International order, or else: The Henry Kissinger doctrine
Henry Kissinger has clarified the record. The New York Times had him down as opposing war with Iraq. But during a Sunday appearance on NBC’s Meet the Press, Kissinger made no mistake about it. “What is important in that region to get across [is] the people who challenge the United States and the international order by their behavior suffer grievous and unacceptable consequences,” said the former Secretary of State in support of an attack on Iraq.
There is no question that if President Bush believes Iraq is a danger to the American people, he should go to Congress and make the case for a resolution of war. And if the only governing body that has constitutional authority for declaring war decides the President is correct, they have an obligation to grant it. In this, the Bush doctrine applies. Any government that supports terrorists who threaten our country must face military force.
But Kissinger’s statements stand in opposition to George Bush’s position outlined in the Presidential address to a joint session of Congress after the 9/11 attacks. According to Bush, either you are “with us or against us” in fighting terrorists that attacked America.
“Today Americans would be outraged if U.N. troops entered Los Angeles to restore order; tomorrow they will be grateful! This is especially true if they were told there was an outside threat from beyond, whether real or promulgated, that threatened our very existence. It is then that all peoples of the world will pledge with world leaders to deliver them from this evil. The one thing every man fears is the unknown. When presented with this scenario, individual rights will be willingly relinquished for the guarantee of their well being granted to them by their world government.”
Clearly, the Al-Qaeda terrorists fit right into Dr. K’s plan for global order. As an unknown evil that will frighten us into giving up our rights, attacks on America do not meet his requirements for suffering “grievous and unacceptable consequences”. Thus, while Kissinger supports going to war with Iraq, it is not clear that he agrees with our efforts in bringing justice to terrorists.
This is where consideration of regime change in Baghdad must be careful not to confuse objectives. If Iraq’s government is behind networks that threaten America; we are justified in taking them out. But if our goal is to make a statement for any nation that opposes international government, the United States is making a big mistake. That is why the case must be made about Iraq’s support for terrorists, those who are actually a threat to America.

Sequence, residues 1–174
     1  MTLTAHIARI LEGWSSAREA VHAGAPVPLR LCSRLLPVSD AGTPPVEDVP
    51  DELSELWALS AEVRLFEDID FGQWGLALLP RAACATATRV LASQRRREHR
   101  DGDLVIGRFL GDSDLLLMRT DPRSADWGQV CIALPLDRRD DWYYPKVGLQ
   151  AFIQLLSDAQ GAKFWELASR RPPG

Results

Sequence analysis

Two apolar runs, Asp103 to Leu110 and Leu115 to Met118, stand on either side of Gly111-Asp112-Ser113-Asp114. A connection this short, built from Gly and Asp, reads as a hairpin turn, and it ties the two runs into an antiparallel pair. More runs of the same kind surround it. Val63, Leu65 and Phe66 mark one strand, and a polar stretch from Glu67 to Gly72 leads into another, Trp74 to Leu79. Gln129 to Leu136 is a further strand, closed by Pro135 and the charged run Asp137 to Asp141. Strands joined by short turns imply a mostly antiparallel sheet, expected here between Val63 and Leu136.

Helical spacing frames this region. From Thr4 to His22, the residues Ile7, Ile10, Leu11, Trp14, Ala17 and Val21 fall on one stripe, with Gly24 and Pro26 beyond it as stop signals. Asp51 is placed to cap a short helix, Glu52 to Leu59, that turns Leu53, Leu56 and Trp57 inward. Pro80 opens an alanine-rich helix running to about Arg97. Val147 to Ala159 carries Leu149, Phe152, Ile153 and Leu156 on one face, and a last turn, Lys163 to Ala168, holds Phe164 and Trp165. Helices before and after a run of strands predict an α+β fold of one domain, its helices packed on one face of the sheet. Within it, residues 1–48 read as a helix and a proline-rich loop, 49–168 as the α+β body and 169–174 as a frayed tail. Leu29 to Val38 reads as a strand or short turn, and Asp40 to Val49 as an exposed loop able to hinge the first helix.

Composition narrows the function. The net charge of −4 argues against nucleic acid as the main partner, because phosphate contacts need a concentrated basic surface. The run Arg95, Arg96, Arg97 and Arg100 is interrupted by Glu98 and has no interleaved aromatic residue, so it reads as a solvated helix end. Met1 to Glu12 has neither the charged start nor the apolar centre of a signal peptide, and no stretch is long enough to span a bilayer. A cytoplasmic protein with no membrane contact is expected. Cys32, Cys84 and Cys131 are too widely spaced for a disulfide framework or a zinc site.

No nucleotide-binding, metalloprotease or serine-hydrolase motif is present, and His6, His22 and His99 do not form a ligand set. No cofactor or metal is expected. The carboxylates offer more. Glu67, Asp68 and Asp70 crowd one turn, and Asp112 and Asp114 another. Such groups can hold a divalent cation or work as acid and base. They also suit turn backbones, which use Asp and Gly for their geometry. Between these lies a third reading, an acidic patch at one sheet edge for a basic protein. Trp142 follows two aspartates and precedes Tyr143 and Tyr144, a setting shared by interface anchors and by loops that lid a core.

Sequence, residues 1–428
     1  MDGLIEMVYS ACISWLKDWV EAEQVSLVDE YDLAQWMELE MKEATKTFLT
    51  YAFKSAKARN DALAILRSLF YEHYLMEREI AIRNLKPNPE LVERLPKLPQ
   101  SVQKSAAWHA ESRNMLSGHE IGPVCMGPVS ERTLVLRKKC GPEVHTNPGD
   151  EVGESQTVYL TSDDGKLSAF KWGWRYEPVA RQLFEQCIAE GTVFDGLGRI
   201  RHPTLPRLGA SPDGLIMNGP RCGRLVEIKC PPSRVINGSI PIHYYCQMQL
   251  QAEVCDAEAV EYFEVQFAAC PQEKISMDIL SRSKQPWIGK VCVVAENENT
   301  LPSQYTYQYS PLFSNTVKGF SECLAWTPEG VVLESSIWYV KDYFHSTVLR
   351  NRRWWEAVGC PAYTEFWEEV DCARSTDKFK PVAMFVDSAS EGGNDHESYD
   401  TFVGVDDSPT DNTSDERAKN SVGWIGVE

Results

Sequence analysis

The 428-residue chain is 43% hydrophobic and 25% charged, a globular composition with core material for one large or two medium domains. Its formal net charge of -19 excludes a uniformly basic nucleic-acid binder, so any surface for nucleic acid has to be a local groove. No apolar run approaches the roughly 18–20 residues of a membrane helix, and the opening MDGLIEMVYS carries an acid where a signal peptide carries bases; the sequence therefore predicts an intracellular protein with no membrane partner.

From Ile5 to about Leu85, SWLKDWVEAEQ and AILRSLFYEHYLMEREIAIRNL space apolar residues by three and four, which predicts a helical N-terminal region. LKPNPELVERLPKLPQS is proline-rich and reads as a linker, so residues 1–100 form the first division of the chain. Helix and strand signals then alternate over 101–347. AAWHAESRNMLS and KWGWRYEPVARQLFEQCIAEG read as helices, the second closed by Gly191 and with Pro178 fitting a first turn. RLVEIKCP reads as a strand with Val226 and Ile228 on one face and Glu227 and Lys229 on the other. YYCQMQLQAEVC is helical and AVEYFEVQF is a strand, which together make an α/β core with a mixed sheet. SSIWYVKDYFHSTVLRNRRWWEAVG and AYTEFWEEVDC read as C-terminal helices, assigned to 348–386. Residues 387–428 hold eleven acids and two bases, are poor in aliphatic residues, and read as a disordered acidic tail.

There is no question Saddam Hussein is sponsoring terrorism against Israelis. He has offered $25,000 to families of Palestinians who kill themselves in attacks on Israel. That is a considerable amount for people who are impoverished, as are many Palestinians. The offer can’t be construed as anything other than sponsoring terrorism.
And it is surely the reason why Israel is growing impatient with Bush as he delays action against Iraq. But the Israeli-Palestinian conflict does not threaten people in the United States. Suicide attacks on the West Bank or Jerusalem don’t hurt people in New York, Pennsylvania, or Virginia. Iraq’s support for the Palestinian militants may be evil, but it is not justification for war.
Still, Henry Kissinger has his reason for wanting war in Iraq. His statements indicate that regime change in Baghdad could be useful in sending a message to other countries. This might be considered evidence Iraq isn’t supporting the kind of terrorism that can serve as Dr. K’s foundation for world government. If it were, logic dictates Kissinger would be against attacking Iraq since it contributes to his expressed vision for the establishment of “international order”.
But if Saddam Hussein is opposing that international order without actually being a threat to the American people, why would we consider going to war with Iraq? Using the Kissinger doctrine, the reason is such countries must suffer grave consequences.
Henry Kissinger wants Iraq to be made an example for the rest of the world. That’s it, plain and simple. By destroying the Iraqi military and either killing or capturing Saddam Hussein, Kissinger’s Empire will send a message to the rest of the world. Either you are with his “international order”, or you are against it. And if you are against it, you will suffer.
“Published originally at EtherZone.com : republication allowed with this notice and hyperlink intact.”